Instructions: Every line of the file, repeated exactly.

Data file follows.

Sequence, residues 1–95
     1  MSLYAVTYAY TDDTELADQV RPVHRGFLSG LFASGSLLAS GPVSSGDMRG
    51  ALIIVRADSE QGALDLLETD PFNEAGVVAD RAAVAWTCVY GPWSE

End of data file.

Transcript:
Sequence, residues 1–95
     1  MSLYAVTYAY TDDTELADQV RPVHRGFLSG LFASGSLLAS GPVSSGDMRG
    51  ALIIVRADSE QGALDLLETD PFNEAGVVAD RAAVAWTCVY GPWSE